Club life will have to wait for Mumbai's seniors and regulars
The social hubs have shuttered and for many, especially the elderly, their quotidian schedule has gone for a toss, as they no longer have a place for recuperation and regeneration.
It's home sweet home, but no second home for club regulars in Mumbai. The social hubs have shuttered and for many, especially the elderly, their quotidian schedule has gone for a toss, as they no longer have a place for recuperation and regeneration.
That though, is a small price to pay, says Khar Gymkhana regular and snooker ace, 53-year-old Yasin Merchant. Bandra's "baadshah of the green baize" adds, "I am a snooker coach at the Khar Gymkhana. I also use the gym at least thrice a week. I am now lifting weights at home, and I guess, the coaching can wait for a while. I have friends at the club nearly every evening, but all that is temporarily shelved and for good reason."
Yasin Merchant, a snooker coach at Khar Gymkhana, is enjoying the break from coaching. He has been working out at home
Deepak Kapadia, 70, a Marine Drive local says his daily, "walk inside the Cricket Club of India (CCI) was like a vitamin boost". "It was energising, and so was meeting friends, talking stocks, reading newspapers and magazines in the reading room"—all part of his two-hour evening routine. Kapadia adds, "As secretary of the senior citizens club within CCI, I also planned entertainment and educational programmes for them."
Sixty-year-old Colaba resident Pervez Cooper misses the whiff of mint tea at Parsi Gymkhana and his meetings with business contacts at Churchgate's Garware Club House. "I visit both clubs and then, usually go to Kyani & Co near Metro." The club closure has meant that the usual, nearly daily drill is on hold now, "which is nothing compared to the scale of the problem we are facing, and the sacrifices of our heroes on the frontline," says Cooper.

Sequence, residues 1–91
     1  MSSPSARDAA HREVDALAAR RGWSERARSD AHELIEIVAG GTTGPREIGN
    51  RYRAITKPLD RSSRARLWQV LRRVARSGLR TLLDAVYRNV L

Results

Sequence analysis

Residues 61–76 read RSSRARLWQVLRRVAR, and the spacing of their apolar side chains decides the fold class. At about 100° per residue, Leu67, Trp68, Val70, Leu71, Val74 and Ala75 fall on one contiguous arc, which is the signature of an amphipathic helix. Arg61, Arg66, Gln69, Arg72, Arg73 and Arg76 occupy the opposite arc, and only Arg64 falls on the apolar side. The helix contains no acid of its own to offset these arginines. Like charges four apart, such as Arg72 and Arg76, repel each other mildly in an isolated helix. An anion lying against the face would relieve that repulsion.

Deepak Kapadia at the CCI Club lobby
Second house and Housie both have a pleasant and slightly nostalgic feel for Nepean Sea Road local Jyoti Dharia. "I attended Housie sessions on Thursday evening and Sunday morning, and swimming in the mornings at the Malabar Hill Club. I also went for every function at the club." The 79-year-old adds, "I miss the club very much, but when you see the larger picture, you realise we have bigger battles to fight."
For many, the club has its unique pull because of the relationship between members and the club. "These clubs put a welcome and much-needed brake on our frantic and frenzied life," says Captain Ashok Batra, 78, who spends his time at the US Club in Colaba and the Bombay Gymkhana at Fort. "One prefers to entertain, invite friends to the club because at a restaurant it is, come in, eat and go. At a club, there is a feeling of leisure and the overall tenor of don't hurry up, you can take your
time, here." Capt. Batra says that club memberships do have snob value, but ironically, "these can be excellent venues for very down to earth, simple pleasures. Chats with friends, washed down with chai." He continued, "I play golf occasionally at the US Club, there is bridge, cards at the club, but most of all, what members miss is the vibe of these places, the warmth and camaraderie they foster."
Captain Ashok Batra plays a round of golf at US Club, Colaba
Sign up for all the latest news, top galleries and trending videos from Mid-day.comSubscribe